Early Italian Statutes: Montefortino

October 11, 2008

The Flowering of Civil Law: Early Italian City Statutes in the Yale Law Library

Montefortino (Italy). Statutum Montisfortini in Campanea [with] Statuto e tassa de mercedi che si devono al governatore, mandatario, e barigello di Montefortino in Campagna (manuscript, Montefortino, 1685). Acquired with the John A. Hoober Fund, May 1946.

(View Montefortino, today named Artena, on a map.)

The present-day city of Artena, southeast of Rome, was known as Montefortino from the Middle Ages until 1873. We owe the following description of our manuscript to Alfredo Serangeli, Director of the Archivio Storico “Innocenzo III” in Segni, Italy, and present it here with his permission and our thanks:

The Montefortino Statutes are the regulations for an essentially feudal municipality. Everything belonged to the feudal lord “in dominio et iurisdictione”, while vassals had broad rights for grazing, gathering wood and working the land. In fact, the statutes gave the feudal lord the right to one-fourth of all agricultural production, including wheat, barley, beans, spelt, millet, hemp, chick peas, and wine. This right was his in all cases, regardless of how the land was owned and worked.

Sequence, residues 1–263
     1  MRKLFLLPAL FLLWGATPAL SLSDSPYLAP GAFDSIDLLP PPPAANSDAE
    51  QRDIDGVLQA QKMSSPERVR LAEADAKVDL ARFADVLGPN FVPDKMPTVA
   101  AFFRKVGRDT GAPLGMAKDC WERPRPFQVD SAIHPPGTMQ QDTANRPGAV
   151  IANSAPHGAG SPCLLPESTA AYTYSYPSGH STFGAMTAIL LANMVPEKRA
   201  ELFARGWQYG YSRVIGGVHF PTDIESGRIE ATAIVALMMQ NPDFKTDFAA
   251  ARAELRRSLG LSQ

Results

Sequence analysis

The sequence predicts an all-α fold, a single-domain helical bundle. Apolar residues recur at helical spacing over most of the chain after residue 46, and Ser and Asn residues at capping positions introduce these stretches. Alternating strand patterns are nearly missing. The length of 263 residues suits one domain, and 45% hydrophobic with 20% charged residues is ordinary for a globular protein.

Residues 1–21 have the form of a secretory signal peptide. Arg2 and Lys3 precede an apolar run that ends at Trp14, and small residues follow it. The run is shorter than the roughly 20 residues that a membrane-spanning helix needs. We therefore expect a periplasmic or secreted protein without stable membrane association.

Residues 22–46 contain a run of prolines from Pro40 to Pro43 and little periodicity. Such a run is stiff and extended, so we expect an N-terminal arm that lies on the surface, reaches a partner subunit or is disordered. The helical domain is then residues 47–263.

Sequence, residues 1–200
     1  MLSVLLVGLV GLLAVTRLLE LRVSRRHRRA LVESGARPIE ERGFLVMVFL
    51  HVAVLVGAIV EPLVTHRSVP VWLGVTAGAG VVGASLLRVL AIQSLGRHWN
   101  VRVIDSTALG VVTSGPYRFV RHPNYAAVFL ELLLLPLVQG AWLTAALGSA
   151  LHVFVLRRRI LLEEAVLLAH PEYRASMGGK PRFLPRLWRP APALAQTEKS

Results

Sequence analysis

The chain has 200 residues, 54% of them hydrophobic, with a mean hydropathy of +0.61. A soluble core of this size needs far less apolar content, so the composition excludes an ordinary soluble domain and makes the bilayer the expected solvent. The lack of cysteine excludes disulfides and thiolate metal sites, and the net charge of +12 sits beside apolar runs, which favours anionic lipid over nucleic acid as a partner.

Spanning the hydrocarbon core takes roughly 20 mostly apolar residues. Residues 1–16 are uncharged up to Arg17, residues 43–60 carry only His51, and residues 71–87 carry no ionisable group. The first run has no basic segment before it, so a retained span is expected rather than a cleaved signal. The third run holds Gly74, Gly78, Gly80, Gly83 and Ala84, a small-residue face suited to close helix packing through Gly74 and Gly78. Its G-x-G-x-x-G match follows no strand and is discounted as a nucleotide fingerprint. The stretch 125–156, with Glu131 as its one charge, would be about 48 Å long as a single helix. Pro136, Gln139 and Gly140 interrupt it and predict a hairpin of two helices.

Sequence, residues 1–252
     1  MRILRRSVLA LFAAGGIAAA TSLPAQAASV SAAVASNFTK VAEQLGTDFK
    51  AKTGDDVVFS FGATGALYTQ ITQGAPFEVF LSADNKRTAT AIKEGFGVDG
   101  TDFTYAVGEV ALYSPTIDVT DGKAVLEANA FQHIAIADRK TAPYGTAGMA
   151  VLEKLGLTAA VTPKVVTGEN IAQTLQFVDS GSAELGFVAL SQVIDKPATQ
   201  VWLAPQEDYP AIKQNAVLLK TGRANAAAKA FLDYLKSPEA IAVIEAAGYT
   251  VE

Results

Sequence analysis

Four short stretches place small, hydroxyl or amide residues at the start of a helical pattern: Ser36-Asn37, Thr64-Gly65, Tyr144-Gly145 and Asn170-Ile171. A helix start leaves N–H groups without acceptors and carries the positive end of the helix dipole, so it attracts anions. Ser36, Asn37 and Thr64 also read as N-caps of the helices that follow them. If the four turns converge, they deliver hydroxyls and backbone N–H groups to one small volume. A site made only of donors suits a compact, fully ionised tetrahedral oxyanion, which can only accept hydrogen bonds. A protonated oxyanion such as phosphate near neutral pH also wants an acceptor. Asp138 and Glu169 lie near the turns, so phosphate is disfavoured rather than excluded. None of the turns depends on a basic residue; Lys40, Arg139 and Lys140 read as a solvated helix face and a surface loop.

The community, whose life was regulated in detail, was concerned that the feudal lords and governors should also respect the statutory rules. In fact, in a 1559 petition to the Colonna princesses (Tuzia, Porzia, Claudia and Virginia, owners of Montefortino at that time), concerning the reconstruction and reestablishment of normal conditions after the destruction of the castle in 1557 (during the Campagna War that the Papacy and France waged against Spain), Montefortino’s inhabitants asked that their governor respect the statutes. In the notary’s act produced when Prince Ascanio Massimo took possession of the castle on February 12, 1595, the prince’s oath to obey and enforce the Statutes is specifically mentioned.

The original manuscript is composed of 38 parchment folia, 16 x 24 cm., and was produced in 1468 by Antonio son of Luca, one of the most important notaries in Montefortino during the 15th century. The manuscript held in the Lillian Goldman Law Library is a copy of the revised statutes of 1606.

    – Alfredo Serangeli, Director, Archivio Storico “Innocenzo III”

Incidentally, Alfredo Serangeli is from the same family as Stefano Serangeli, the scribe who produced the Yale Law Library’s manuscript in 1685.


Exhibit Curators

“The Flowering of Civil Law: Early Italian City Statutes in the Yale Law Library” is on display October 2008 through February 2009 in the Rare Book Exhibition Gallery, Level L2, Lillian Goldman Law Library, Yale Law School.

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